Perhaps the experience of just such a student may help you?
As a student, when I chose my second-year maths courses, I compared the list of topics that were in second-year courses to the topics I studied in first-year courses and I decided what I wanted to do based on the things I enjoyed most in first year. It seemed to me that the courses labelled as "applied maths" contained mostly things I did not enjoy in first year maths. That is, heavily computer-based things, numerical things and differential equations. So I chose not to study any of those courses and did statistics and pure maths instead.
It wasn't until much much later that I thought about why I didn't enjoy those topics in first year.
Firstly, the maths-on-computers thing: In first year, this was mainly just frustrating. I would regularly get error messages for missing what seemed like small things, and I got told off by the teachers for not using the "most efficient" methods in my programs even though there didn't seem to be any instructions in how to make them more efficient. It seemed like a wasted effort when most of the problems we did were just as easy for me to do by hand. Moreover, my way of understanding things is very much visual and geometrical and the computer programming was very much text-based and just didn't feel the same.
Much later, I discovered that I could use the computer to simulate things and create lots of data that allowed me to investigate things I could never have achieved by hand. For example, I could simulate a board game I was designing to see what it did, or decide if a hypothesis test in stats really did seem to have 80% power. This power of the computer was not really apparent to me in first year. I also discovered the pleasure in having to make a program do something and checking and rechecking and editing it until it did what I needed it to well. This pleasure of a job well done was also lost on me in first year.
Secondly, the differential equations: In first year, differential equations was very much a procedural sort of topic. It was all very much of the form: this particular situation goes with this particular solution because it just does, so get good at recognising it. This went against everything I felt about understanding maths. I felt that there ought to be unifying principles and big picture ideas. I also liked the problem-solving aspect of other bits of maths where you had a small amount of tools and you worked out yourself how they fit together to show/prove/find something and there were often different methods of doing it, all of which were kind of clever. I disliked it when people said that maths was a list of problems and how to solve each one, yet this was precisely my experience of differential equations in first year.
Much much later, when helping students to study the higher-level courses, I saw more methods and how they fit together. I saw how quite deep bits of theory were brought to bear on these problems, such as treating functions as a vector space, or representing functions as infinite series. I also saw how very clever some of these methods were, and was able to stand in awe of the cool problem-solving aspect of the discipline. I wished then that more had been said about this side of it when I was in first year.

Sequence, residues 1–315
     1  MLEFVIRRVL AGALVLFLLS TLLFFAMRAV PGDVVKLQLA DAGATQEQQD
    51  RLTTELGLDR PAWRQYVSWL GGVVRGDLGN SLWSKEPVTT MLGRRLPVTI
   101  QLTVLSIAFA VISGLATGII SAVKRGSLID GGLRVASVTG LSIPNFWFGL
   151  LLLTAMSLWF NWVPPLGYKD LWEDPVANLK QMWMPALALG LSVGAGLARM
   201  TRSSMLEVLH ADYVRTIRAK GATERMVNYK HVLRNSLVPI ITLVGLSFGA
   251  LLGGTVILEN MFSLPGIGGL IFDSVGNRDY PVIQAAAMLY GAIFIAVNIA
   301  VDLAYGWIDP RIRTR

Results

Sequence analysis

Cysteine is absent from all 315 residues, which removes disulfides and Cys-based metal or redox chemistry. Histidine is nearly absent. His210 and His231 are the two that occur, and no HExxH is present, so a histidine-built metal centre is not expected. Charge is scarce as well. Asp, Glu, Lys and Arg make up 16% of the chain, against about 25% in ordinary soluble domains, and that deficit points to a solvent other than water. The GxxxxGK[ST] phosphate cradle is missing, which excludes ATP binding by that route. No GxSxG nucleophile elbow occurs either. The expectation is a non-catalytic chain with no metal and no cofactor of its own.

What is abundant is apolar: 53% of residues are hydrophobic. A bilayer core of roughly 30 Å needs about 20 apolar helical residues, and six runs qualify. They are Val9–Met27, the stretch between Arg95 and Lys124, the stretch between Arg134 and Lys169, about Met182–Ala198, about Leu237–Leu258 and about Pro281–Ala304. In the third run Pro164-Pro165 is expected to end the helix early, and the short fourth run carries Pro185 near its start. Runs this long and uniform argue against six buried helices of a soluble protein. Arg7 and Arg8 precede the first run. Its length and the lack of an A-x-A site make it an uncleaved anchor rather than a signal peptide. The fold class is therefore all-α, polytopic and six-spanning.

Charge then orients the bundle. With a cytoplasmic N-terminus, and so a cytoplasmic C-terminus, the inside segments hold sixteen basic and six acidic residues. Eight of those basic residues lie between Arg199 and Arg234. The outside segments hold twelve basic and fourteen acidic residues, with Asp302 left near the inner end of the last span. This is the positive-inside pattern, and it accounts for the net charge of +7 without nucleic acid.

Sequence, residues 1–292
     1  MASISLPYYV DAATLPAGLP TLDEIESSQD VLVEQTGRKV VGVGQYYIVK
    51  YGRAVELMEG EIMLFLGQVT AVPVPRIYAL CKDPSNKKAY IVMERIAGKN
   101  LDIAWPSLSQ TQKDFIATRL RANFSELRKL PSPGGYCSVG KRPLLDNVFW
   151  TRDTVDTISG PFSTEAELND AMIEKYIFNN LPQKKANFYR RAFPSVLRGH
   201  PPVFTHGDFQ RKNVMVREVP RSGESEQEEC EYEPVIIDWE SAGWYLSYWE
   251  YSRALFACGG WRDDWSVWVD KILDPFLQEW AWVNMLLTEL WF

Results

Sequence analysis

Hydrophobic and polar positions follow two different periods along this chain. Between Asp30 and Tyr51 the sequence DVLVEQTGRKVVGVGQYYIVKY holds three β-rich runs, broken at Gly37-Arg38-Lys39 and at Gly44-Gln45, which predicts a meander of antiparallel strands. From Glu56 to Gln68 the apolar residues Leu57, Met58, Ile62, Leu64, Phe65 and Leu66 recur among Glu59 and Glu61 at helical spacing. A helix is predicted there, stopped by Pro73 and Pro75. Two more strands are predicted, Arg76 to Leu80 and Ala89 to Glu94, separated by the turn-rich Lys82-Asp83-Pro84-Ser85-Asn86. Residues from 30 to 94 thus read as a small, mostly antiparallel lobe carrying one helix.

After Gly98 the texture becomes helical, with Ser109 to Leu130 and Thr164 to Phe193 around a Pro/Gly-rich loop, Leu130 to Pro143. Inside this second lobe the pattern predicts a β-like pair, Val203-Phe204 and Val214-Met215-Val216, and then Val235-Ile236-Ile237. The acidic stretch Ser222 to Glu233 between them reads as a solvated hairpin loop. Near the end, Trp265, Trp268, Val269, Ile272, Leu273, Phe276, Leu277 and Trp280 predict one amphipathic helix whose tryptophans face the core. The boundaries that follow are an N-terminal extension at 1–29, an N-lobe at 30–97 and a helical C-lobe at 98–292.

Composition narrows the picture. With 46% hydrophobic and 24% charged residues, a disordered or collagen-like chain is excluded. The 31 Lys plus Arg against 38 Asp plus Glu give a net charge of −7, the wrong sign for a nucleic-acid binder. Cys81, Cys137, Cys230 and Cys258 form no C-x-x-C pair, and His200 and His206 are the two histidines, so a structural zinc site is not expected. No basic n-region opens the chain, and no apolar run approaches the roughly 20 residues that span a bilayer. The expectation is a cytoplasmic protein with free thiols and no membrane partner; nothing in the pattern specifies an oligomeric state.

Finally, the numerical methods stuff: In first year the extent of this was calculating integrals by the trapezoidal and Simpson's rules. We brushed over this stuff very quickly and only did it on functions where we knew how to calculate it another way anyway. I certainly never had a feeling of a bigger picture. Also, they taught us these crazy error formulas which were just made me think "where the hell did this 2880 come from?" and "surely if I know the fourth derivative of a function I can do better than using an approximation?". Finally, it was just a lot of hard work.
Much later, I realised that there were unifying principles in these methods (such as the area being related to the average value, so it's reasonable to average some values). I also realised how supremely clever it was that you could figure out an error formula, and I wished I knew more about where those sorts of formulas came from.
There is one final aspect that is worth mentioning: the applied-maths-ish topics were the ones I just didn't understand so well, probably because they didn't fit with my natural way of thinking. So another reason I didn't enjoy them was simply because I didn't enjoy the sensation of feeling confused and they were a lot more like hard work and a lot less like play!
So to sum up: it wasn't so much that I didn't like the applications, but that the style of teaching, learning and problem-solving in the applied maths topics in first year was something that I didn't enjoy. Later, I realised that there were aspects of it that I could enjoy. (Though to be completely honest, when I watch people doing it, it often still doesn't look like fun to me.)
And what can you take away from this as a teacher?
Well perhaps you should ask them about the topics they have seen as applied maths in the past, and whether they enjoyed it or not. And indeed, ask them about what particular aspects of other maths topics they did enjoy. Then you might have a different sort of picture of why they feel grumpy.
You could also try to include elements in what you're doing that make it feel more like the other maths topics. Talk about the big picture structure. Talk about the clever maths problem-solving aspects of it (as opposed to the solving real-world issues). Talk about the pleasure of a job well done with the computing stuff.
Finally, you can make it really really really clear. There is nothing like simply not understanding that gets students looking around for reasons not to do something!